31 March 2016

Message from the markets: nobody knows what to think


I always prefer to look at economic indicators in front of my nose before consulting surveys and statistics, so when I stopped to fill up my scooter to discover the cost of petrol was 106p a litre, an alarm bell rang in my head.

Hang on, I thought. Last time I filled up it was 99p. Petrol prices have risen 7% in a month. That wasn’t supposed to happen.

It is only a month or so ago that markets were collapsing left right and centre, with investors scrambling into supposedly safe assets, like government bonds. Since then, partly due to a state orchestrated surge in bank lending in China and partly due to indications from the chairman of the US Federal Reserve, Janet Yellen, that the US economy is weaker than expected so she is “cautious” about future rate rises, markets have turned round 180 degrees.

Armageddon has been delayed. Everything seems to be pointing upwards, with the recovery in commodity prices, notably copper and iron ore especially marked. In the US, the S&P500 is back in positive territory for the year. The pound is back at $1.44 to the dollar, having hit a “Brexit low” of $1.38 just a few weeks ago. Oil is hovering around $40 a barrel, up slightly from its $38 low. The shares of the struggling mining giants of the London Stock Exchange, Glencore and Anglo-American, have gone through the roof, up more than 60% each in a month.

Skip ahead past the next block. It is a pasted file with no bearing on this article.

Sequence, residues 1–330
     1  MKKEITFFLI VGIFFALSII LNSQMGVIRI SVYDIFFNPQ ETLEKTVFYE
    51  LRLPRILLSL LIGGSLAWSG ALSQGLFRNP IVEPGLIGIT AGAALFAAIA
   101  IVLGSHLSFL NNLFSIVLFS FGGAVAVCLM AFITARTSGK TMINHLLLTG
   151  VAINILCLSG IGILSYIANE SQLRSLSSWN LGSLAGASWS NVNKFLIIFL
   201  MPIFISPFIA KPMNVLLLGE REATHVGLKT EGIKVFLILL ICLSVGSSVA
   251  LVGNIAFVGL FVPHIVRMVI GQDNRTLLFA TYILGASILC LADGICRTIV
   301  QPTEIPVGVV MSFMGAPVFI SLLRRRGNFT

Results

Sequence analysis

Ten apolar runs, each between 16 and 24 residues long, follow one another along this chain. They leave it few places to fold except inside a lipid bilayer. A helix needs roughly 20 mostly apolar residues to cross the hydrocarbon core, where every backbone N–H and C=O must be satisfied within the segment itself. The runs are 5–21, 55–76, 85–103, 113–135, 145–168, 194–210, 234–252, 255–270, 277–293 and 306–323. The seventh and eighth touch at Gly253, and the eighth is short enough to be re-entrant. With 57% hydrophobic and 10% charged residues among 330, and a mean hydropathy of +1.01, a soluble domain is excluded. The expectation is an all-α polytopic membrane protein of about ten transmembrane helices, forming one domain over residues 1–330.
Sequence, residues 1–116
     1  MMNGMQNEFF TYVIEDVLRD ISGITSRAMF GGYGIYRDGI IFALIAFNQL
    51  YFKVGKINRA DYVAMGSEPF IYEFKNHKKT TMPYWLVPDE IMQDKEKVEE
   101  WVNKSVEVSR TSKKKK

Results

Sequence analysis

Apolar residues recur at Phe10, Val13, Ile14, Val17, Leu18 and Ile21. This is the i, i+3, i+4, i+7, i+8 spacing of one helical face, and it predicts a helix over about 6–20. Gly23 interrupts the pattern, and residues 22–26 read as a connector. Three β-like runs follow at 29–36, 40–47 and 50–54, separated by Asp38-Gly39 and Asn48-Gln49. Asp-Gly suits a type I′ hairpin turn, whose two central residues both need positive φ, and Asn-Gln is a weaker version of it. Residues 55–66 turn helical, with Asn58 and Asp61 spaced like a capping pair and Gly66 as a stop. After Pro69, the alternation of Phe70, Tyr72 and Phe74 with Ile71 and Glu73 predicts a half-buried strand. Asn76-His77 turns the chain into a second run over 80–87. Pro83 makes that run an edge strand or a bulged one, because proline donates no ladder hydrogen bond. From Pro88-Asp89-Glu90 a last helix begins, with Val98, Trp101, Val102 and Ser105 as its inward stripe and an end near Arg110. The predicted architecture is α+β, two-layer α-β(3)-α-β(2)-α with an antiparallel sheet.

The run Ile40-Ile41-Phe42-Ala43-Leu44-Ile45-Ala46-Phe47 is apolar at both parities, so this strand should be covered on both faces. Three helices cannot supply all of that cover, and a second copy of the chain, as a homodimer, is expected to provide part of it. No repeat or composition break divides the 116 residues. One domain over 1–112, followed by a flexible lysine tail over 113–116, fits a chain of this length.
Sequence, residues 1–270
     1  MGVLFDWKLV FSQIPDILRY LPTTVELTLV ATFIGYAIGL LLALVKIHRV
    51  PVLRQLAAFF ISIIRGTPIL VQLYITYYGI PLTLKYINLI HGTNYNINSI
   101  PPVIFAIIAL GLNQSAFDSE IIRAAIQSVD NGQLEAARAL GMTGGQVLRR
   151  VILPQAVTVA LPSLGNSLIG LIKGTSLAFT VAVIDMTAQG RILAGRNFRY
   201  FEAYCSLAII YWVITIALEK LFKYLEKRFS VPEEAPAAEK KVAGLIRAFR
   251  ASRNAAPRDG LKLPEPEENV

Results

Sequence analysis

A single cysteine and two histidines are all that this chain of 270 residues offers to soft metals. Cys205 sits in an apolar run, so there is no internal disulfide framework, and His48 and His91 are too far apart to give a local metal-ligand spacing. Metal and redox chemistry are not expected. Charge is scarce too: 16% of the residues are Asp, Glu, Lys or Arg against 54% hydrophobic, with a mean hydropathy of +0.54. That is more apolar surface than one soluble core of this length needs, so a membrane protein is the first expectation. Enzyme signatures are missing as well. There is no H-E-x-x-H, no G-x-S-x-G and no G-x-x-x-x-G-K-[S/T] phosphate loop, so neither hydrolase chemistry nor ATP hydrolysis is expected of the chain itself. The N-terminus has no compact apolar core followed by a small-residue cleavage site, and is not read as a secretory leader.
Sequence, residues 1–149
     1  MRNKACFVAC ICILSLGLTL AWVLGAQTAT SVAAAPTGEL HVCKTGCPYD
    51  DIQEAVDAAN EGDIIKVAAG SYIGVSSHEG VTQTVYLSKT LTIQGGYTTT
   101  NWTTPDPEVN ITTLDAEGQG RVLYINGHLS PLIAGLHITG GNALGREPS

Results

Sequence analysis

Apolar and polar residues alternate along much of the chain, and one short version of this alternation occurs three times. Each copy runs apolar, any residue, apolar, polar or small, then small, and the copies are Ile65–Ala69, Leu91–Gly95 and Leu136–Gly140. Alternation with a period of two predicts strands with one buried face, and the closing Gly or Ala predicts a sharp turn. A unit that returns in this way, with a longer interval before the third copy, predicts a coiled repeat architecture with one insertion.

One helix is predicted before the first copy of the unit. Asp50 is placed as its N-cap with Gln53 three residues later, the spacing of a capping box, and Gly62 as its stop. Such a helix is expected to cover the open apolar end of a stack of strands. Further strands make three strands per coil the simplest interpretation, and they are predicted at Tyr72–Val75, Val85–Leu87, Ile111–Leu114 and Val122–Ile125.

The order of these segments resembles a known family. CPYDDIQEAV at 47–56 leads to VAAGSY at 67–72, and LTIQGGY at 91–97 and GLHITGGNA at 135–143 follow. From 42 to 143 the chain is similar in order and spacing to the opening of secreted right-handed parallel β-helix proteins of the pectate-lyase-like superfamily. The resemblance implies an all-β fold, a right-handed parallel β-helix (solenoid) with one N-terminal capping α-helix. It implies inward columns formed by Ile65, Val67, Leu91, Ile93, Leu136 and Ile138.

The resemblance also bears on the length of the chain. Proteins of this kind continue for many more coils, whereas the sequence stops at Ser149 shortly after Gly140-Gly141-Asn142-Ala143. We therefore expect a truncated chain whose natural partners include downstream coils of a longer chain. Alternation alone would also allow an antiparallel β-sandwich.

In the gold market, traders are in a state of near over-excitement, with the price up $130 to $1230 an ounce since the beginning of the year. It seems that whatever your investment thesis: deflation, inflation, crisis in the euro zone, Brexit, no Brexit, a crisis in the Remninbi, or whatever, the answer is: buy gold. This, it has to be said, does not say much for investor confidence. A friend of mine, a usually calm hedge fund manager, has bought some real physical gold and put it in a bank vault in Switzerland. There are reports that German retail investors are doing the same and Sharps Pixley have opened a gold shop in St James’s in London, which seems to be doing a roaring trade.

The consensus among market participants is that the rally in China and in commodity prices is skin deep and everything will tumble again soon. That said, it is precisely when that sort of consensus takes hold we should be sceptical. Markets may do the opposite.

As for the rest of us, the message is clear. We live in a time of acute volatility. Massive changes, unleashed by huge global forces, such as technology, demographics, ultra-low or negative interest rates, migration and political upheaval, are at work. Nobody can be quite sure whether the outcome will be good, bad, or a mixture of the two. No wonder some people find gold so attractive, apparently the one asset politicians and central banks cannot mess about with.

George Trefgarne is founder of Boscobel & Partners, a communications firm.